There is little left to say about the failed operation. The soldiers fought brave, facing mob doing their best to murder them. Yet, they were the casualty of poor planning, poor intelligence and poor execution. While the decision to block the flotilla was a correct one, the approval process lacked on every step of the way – military and political. One thing is clear: with another ship – Rachel Corrie – soon to arrive in the region, the IDF would have to rethink its tactics. Let’s hope they will make the correct decisions this time.

Facing tough mission. Egypt's Special Forces Egyptian military engages Sinai Bedouin tribes, who profit from smuggling arms, supplies and gunmen into Gaza. Egypt -  set on shutting the smuggling as means to fight Hamas – stepped up efforts in past year to halt Hamas’ supply lines, by first constructing an underground separation barrier and now openly fighting with Hamas’ suppliers:

The tribesmen have developed a lucrative trade as Al Qaeda’s main clandestine pipeline for moving weapons and fighters out of the Red Sea countries of Somalia, Yemen and Saudi Arabia and over to Jordan, Syria, Lebanon and Iraq. The Bedouin also run a regular supply line of arms and goods to the Hamas-ruled Gaza Strip through the Sinai tunnels.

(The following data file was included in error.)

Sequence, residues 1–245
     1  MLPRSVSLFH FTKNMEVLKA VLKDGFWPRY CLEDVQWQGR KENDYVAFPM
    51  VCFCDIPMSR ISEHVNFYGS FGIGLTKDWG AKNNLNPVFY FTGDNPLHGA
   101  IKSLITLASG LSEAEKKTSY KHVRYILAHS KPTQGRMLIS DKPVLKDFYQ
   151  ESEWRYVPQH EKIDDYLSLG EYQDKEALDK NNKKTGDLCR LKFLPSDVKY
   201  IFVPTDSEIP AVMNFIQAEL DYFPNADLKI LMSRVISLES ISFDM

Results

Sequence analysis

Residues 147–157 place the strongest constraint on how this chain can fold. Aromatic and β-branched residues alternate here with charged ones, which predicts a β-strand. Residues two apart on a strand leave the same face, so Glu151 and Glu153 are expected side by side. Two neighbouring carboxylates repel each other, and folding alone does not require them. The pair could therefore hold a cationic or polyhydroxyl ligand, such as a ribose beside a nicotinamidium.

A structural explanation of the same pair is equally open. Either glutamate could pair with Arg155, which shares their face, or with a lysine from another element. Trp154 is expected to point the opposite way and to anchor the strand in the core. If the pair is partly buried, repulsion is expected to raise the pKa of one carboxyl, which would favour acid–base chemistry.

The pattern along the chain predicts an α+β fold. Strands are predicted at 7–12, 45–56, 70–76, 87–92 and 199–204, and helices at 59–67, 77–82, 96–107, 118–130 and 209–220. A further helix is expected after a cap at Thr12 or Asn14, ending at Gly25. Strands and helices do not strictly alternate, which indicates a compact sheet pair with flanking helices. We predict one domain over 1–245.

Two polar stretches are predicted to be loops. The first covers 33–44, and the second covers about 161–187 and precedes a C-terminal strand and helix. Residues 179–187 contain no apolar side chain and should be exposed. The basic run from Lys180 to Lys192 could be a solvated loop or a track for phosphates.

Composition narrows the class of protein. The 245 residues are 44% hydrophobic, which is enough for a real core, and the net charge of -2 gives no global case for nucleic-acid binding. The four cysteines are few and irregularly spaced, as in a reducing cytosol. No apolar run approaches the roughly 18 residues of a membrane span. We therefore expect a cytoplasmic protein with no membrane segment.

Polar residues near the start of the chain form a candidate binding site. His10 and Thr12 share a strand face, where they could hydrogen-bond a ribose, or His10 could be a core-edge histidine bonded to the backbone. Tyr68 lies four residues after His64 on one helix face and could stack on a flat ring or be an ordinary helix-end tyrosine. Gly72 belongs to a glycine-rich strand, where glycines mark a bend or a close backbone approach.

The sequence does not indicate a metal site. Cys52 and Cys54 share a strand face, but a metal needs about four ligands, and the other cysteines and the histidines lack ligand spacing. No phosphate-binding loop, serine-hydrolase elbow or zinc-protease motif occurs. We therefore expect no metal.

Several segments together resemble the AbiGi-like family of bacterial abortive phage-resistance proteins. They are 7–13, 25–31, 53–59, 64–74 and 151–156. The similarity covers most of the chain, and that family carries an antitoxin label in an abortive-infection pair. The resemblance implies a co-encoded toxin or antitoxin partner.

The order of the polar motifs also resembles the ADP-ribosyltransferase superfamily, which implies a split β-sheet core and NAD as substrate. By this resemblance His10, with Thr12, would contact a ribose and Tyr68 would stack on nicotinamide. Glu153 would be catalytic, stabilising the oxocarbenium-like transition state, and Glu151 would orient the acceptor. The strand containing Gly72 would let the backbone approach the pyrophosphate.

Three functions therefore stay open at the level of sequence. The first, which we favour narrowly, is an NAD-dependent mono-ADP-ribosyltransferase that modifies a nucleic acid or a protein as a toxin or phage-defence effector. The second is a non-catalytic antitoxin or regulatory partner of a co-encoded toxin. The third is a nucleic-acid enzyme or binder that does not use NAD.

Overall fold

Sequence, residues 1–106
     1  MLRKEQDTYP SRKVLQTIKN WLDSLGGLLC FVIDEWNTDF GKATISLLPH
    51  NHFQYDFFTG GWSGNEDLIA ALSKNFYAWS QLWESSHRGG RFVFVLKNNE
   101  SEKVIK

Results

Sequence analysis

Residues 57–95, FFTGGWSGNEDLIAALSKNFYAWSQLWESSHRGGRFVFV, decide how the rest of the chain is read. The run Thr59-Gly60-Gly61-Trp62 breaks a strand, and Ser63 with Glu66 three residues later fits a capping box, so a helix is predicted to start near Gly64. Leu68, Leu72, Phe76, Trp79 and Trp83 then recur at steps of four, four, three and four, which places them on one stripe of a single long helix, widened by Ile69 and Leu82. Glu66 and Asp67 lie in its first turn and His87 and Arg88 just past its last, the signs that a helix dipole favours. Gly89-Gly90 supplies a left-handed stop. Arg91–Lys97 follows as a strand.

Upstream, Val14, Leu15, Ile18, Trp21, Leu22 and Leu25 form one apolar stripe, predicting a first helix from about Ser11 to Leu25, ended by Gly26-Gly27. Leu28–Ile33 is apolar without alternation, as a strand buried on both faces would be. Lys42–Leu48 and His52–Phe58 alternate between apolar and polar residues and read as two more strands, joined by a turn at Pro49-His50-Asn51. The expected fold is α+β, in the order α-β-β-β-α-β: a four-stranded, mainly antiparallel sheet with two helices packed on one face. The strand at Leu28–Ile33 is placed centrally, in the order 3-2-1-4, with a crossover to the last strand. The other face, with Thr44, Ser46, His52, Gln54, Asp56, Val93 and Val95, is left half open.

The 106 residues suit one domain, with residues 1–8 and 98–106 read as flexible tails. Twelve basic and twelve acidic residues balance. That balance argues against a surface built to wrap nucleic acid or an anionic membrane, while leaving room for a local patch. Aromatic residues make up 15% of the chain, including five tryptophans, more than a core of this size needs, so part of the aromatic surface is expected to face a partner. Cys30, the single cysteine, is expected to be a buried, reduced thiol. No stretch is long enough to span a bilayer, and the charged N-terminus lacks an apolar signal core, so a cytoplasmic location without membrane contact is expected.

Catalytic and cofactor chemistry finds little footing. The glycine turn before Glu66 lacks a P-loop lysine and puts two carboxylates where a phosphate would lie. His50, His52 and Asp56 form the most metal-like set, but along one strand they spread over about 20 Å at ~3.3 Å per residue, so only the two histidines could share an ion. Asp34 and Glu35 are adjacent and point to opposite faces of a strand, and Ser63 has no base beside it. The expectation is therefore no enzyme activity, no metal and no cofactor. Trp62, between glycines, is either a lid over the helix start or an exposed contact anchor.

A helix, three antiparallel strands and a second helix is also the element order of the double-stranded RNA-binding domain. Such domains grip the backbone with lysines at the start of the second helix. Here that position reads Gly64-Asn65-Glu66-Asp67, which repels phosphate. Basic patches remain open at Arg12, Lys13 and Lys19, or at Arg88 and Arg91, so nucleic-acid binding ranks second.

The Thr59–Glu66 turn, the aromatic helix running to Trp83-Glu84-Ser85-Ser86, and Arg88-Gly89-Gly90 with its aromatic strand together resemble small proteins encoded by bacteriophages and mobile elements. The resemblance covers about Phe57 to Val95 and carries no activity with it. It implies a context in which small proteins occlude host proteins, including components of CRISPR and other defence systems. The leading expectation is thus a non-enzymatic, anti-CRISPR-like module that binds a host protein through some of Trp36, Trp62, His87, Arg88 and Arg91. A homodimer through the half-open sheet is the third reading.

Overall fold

Saturday, May 29, the Egyptians were forced to retire to El Arish in northern Sinai to recuperate, replenish depleted ammo stocks and collect reinforcements for the next round.
Most of the combat is raging around Wadi Omar, a dry valley in central Sinai bounded by 4,800-ft peaks.

The Egyptian units battering his mountain strongholds were thrown back by massive heavy machine fire on the few narrow paths climbing up the steep slopes and anti-tank rocket-propelled grenade fire on their APCs. The Bedouin fighters are also using their heavy machine guns to hit Egyptian helicopters.

(DebkaFile)

THE ASSAULT – IN part – explains Egypt’s sudden willingness to confront the smuggling business, after ignoring the deeds for years. If the tribesmen indeed managed to amass arms capable of defending against Egyptian army – not the strongest, by any means – Egyptian Armed Forces indeed have a problem on their hands.

Hosni Mubarak likely understands the urgent need to engage and destroy the terror infrastructure in his backyard. Not only does it support Hamas and local terror groups, but could enhance ability of other movements, such as the radical Muslim Brotherhood, to occupy parts of the country or overthrow Mubarak’s regime. Obviously, Egypt’s job would be far easier if it would not allow the establishment of such infrastructure in the first place. Mubarak believed supplying Hamas with arms and cash could pressure Israel into concessions and eventually bring on the resolution of Israeli-Palestinian conflict within years. He was wrong, however. Israel did not give up and indeed maintained its blockade on Gaza. Frustrated, Hamas – and Gazans – turned to Egypt, at one point confronting Egyptian border guards and destroying parts of the security fence in Rafah.

Now Mubarak would have to turn back the clock. He is about to see it is not easy at all.